Baseball and softball have already been given the green light to return in June. Now, others may be on the way too.
At his daily COVID-19 press briefing, Governor Pete Ricketts outlined changes to upcoming Statewide Directed Health Measures. Among the changes were categories of sports by contact level based on guidance from the American Academy of Pediatrics Classification of Sports According to Contact.
“They published a document that had contact sports in it,” said Ricketts. “Whether it was non-contact, limited contact and so forth. And we’re really looking at the categories for non-contact and limited contact.”
The contact in the document includes contact with other participants, the ground, and other objects. Contact sports that will continue to be prohibited are basketball, tackle football, soccer, and wrestling. All of those sports are on first column under contact.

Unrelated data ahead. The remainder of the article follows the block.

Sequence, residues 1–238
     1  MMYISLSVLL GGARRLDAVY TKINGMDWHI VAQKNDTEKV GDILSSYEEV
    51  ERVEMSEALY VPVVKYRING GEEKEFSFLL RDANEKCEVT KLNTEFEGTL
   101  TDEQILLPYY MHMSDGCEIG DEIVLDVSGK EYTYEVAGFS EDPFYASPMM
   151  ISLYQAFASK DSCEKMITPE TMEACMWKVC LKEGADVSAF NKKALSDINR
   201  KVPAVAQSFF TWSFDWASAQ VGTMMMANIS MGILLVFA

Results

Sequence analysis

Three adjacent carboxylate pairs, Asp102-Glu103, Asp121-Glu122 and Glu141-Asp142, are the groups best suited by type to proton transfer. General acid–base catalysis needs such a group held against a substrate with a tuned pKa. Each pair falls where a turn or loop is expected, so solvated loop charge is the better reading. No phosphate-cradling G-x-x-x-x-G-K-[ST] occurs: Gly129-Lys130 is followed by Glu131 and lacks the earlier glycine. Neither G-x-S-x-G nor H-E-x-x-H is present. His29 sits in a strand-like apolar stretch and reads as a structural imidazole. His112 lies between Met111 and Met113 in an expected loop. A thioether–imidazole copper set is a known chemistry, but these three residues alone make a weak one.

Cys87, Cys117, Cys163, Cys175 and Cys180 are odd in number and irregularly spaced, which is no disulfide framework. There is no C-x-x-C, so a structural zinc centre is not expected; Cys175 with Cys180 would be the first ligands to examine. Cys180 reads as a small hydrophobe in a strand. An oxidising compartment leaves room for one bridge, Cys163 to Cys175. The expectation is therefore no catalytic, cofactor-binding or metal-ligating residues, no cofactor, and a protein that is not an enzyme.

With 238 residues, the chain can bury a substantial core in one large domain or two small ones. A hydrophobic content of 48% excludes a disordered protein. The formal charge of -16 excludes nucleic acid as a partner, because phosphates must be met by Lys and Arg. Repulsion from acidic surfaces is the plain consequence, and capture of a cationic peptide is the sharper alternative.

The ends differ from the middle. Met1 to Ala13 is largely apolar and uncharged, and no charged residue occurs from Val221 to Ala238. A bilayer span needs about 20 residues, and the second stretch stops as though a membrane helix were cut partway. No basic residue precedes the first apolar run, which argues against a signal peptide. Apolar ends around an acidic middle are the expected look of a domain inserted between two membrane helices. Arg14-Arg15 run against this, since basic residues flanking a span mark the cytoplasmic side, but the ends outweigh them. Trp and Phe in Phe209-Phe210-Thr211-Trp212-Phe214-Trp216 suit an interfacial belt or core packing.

Also listed in that section is rodeo, but will be allowed due to not having contact with other people.
The two categories of non-contact and limited contact are allowed which include the sports of baseball, bowling, flag or touch football, golf, horseback riding, softball, swimming, tennis, all track and field events, and volleyball.
While the first announcement on the return to sports was just for youth sports, Ricketts said this update is for both youth and adults. These means rodeos both on their own and at county fairs plus a majority of the events at the Cornhusker State Games will be able to go on this summer. Adult softball leagues could also begin.
Of the top questions on the mind of Husker fans, though, is how this affects Nebraska sports. The NCAA Division I Council voted this week to approve voluntary on-campus activities for football, men’s basketball, and women’s basketball beginning June 1. Those activities are expected to be largely in a strength and conditioning atmosphere. This means no footballs being thrown around or basketball one-on-one drills for the time being, so there is no discrepancy between the new DHM and the NCAA decision.
For Husker volleyball, the sport did not get approval for voluntary team activities by the NCAA, but under the upcoming Statewide DHM, players could meet on their own to play sand volleyball or at a facility where a court and a net are available. If meeting at a facility, which would need to be outside the university, they would need to still follow the gym and weight room DHM requirments.